Trintellix side effects and how to avoid them

Trintellix is a brand-name drug manufactured by Takeda pharmaceuticals. It is a U.S. Food and Drug Administration (FDA) approved prescription medication used to treat depression symptoms in a type of depression known as Major Depressive Disorder (MDD). Trintellix works in a unique way that doesn’t fit neatly into other antidepressant classes but has effects similar to selective serotonin reuptake inhibitors (SSRI). Trintellix is only used to treat major depressive disorder. It is not used for the treatment of anxiety, attention deficit hyperactivity disorder (ADHD), obsessive-compulsive disorder (OCD), or bipolar disorder.

Trintellix can cause adverse effects like any other drug. Learn more about Trintellix side effects that often lead to discontinuation of treatment and how to avoid them.

What is Trintellix?

Trintellix is an antidepressant prescribed to adults to treat Major depressive disorder (MDD). If you have MDD, your doctor may prescribe Trintellix to you, in addition to recommending other treatments. Trintellix works by increasing levels of a natural substance that regulates your brain activity called serotonin. This can reduce the severity of depressive episodes and help keep them at bay. You take Trintellix as an oral tablet that you swallow.

Trintellix active ingredients

The active ingredient in Trintellix is called vortioxetine. It’s a type of antidepressant called a selective serotonin reuptake inhibitor (SSRI). When you swallow a Trintellix tablet, it releases vortioxetine into your bloodstream. Vortioxetine is then carried in your blood to your brain, where it slows down how quickly your brain cells reabsorb a substance called serotonin.

Serotonin is a neurotransmitter that helps regulate your brain function, particularly areas of your brain involved in mood, learning, and memory. Your brain cells reabsorb excess serotonin, but vortioxetine slows down how quickly this happens, causing serotonin levels to rise. This can rebalance your serotonin levels. Research has shown this can help to reduce the symptoms of depression.

The body uses serotonin in many different ways: to regulate mood, control bowel movements, control nausea, and regulate sleeping and waking, and is also involved in blood clotting, bone health, and mental health. This neurotransmitter plays an important role in the body.

Trintellix dosage

Trintellix is available in three different strength immediate-release, film-coated tablets:

  • 5 mg
  • 10 mg
  • 20 mg

Your doctor will advise you on your dosing regime. Each individual will be different and the dose will change from person to person. Some patients may begin with the 5 mg dose, others may take the higher dose. Always follow your doctor’s instructions and seek medical advice if you are unsure about dosing. The medication guide for Trintellix will be provided by your pharmacist before you start taking Trintellix.

Never stop your medication abruptly without consulting your doctor as withdrawal symptoms are possible. In clinical trials, some patients experienced discontinuation symptoms such as headache, muscle tension, mood swings, sudden outbursts of anger, dizziness, and a runny nose. This may occur in the first week of sudden discontinuation of Trintellix 15 mg daily or 20 mg daily.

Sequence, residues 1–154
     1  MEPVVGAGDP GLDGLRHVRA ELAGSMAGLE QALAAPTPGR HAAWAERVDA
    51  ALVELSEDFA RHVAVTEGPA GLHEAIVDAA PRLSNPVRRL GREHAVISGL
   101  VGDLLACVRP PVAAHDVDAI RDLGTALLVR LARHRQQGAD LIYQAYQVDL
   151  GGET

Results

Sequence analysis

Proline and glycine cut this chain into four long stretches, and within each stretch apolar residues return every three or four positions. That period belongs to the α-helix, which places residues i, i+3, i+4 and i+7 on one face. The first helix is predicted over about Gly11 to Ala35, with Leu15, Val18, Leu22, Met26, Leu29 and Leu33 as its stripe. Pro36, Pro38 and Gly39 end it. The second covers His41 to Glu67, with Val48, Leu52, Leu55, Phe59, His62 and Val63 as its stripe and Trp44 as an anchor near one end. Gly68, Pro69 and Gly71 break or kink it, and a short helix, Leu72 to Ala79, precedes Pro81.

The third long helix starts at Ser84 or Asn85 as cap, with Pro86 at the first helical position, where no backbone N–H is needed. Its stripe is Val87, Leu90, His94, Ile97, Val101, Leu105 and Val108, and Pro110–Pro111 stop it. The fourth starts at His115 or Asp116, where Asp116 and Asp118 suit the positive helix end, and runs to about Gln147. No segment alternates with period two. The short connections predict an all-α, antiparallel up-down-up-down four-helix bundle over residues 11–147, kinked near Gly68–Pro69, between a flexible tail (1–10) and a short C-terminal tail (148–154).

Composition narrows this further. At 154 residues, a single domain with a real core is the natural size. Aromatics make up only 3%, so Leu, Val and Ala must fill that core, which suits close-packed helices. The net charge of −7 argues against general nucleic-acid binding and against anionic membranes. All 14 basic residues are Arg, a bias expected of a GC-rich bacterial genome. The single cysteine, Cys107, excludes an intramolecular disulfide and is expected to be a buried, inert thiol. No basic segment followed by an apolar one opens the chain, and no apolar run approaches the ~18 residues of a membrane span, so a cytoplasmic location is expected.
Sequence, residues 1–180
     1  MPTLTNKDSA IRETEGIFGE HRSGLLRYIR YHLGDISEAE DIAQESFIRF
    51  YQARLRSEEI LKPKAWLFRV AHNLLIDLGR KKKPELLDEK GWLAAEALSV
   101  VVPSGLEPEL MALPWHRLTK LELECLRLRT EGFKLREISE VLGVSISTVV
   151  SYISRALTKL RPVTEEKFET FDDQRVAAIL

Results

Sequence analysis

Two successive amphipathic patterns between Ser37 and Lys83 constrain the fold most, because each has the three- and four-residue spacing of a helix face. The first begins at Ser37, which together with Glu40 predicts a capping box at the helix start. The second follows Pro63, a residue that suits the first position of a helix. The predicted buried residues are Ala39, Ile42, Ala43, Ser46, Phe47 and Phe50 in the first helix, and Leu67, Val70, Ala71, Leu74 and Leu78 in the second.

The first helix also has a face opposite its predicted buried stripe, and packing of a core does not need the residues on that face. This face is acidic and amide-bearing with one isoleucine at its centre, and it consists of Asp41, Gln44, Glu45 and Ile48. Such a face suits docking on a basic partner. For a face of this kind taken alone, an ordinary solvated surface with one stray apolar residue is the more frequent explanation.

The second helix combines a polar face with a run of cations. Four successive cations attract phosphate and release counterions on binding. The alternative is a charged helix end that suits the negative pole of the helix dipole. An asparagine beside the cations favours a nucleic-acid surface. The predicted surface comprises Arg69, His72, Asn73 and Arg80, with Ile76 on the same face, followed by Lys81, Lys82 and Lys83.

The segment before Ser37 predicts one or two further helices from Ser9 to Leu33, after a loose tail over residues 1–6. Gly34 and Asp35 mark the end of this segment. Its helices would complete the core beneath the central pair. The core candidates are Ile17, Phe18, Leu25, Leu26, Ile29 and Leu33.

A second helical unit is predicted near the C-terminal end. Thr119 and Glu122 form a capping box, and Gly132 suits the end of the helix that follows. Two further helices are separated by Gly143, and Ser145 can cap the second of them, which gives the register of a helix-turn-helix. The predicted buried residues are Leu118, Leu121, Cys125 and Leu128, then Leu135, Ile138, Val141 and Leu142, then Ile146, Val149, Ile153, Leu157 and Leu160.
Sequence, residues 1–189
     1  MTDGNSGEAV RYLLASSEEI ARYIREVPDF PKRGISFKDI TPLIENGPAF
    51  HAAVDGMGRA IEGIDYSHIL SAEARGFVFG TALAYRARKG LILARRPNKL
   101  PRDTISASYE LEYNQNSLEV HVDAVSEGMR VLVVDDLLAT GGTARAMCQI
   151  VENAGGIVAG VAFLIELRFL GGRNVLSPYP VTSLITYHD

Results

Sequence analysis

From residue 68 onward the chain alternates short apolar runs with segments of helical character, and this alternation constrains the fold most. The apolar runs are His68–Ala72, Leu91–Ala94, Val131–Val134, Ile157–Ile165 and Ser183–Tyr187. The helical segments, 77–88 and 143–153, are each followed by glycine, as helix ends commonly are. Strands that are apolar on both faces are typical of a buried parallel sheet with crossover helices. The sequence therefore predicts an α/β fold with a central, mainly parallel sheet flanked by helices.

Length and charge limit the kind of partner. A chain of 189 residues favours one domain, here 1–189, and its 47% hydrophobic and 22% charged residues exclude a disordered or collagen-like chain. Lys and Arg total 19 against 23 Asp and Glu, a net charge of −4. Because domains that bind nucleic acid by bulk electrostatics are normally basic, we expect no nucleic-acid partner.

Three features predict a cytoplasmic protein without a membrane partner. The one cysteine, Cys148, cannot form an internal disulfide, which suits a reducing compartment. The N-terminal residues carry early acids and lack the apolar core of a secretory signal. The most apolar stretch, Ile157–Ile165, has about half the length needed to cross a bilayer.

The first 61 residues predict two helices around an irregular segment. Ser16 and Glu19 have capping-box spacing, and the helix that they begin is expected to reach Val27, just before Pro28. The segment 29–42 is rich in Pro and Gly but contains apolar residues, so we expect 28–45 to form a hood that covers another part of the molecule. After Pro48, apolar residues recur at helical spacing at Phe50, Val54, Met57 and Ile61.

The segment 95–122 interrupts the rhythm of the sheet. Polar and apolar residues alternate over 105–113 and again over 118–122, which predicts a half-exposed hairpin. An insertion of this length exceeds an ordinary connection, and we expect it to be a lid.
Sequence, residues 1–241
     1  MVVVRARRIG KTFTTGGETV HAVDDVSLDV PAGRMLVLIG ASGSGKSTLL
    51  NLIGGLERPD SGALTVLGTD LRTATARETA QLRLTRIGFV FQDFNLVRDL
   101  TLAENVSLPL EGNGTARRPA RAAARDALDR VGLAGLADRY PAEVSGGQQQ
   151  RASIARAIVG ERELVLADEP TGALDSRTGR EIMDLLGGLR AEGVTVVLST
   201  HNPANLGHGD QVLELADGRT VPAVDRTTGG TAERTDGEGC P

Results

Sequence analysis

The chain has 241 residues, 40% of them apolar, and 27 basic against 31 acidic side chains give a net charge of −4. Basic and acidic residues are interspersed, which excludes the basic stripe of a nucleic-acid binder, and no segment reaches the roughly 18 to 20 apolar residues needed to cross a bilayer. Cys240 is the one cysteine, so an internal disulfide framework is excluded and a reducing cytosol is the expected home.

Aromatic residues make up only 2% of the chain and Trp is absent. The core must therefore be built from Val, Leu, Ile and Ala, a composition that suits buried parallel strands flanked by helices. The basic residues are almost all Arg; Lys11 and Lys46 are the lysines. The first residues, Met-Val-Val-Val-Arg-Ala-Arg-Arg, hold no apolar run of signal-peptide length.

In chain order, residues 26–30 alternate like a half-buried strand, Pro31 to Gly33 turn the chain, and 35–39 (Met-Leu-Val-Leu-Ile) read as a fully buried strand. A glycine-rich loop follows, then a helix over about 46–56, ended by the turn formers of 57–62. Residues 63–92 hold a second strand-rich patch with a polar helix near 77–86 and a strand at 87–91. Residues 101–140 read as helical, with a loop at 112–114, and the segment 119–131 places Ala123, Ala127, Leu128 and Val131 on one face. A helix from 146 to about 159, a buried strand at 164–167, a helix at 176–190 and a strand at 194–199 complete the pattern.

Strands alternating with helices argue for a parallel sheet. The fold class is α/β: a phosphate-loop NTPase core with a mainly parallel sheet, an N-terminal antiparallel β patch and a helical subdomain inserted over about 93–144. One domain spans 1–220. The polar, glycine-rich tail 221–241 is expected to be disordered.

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Side effects of Trintellix

The most common side effects are:

Sometimes, Trintellix can cause more serious side effects. These include:

  • Severe allergic reactions to the medication
  • An increased risk of suicidal thoughts and suicide, particularly in young adults
  • Serotonin syndrome – a potentially life-threatening condition caused by high levels of serotonin
  • An increased risk of bruising and bleeding, especially if taken with medications that can reduce blood clotting, like blood thinners, aspirin, or NSAIDs like ibuprofen
  • An increased risk of developing eye problems, including eye pain, swelling, and changes in vision
  • An increased risk of hypomania (manic episodes)
  • Hyponatremia – low sodium levels in your blood that can cause serious health problems and death

Suicidal thoughts and worsening mental health

Trintellix carries a boxed warning due to the risk for suicidal thoughts and actions. In studies, Trintellix was shown to increase suicidal thoughts and actions in some people 24 years of age and younger. Trintellix is not approved for use in pediatric patients.

A boxed warning is the strongest warning that the FDA requires. These warnings alert doctors and patients about drug effects that may be dangerous.

Serotonin syndrome

Serotonin syndrome occurs when serotonin levels in the body are dangerously high. This can happen when Trintellix is taken alone or with other antidepressants such as sertraline, citalopram, paroxetine, fluoxetine and escitalopram, attention deficit hyperactivity disorder drugs, St. John’s wort, and others.

Symptoms of serotonin syndrome can include:

  • High blood pressure
  • Confusion
  • Increased heartbeat
  • Agitation
  • Muscle rigidity
  • Diarrhea

Weight gain

Trintellix did not significantly impact weight in short-term studies and during a 6-month phase of a long-term study of patients who responded to Trintellix when compared to patients taking a sugar pill. Some reports of weight gain have been received since product approval.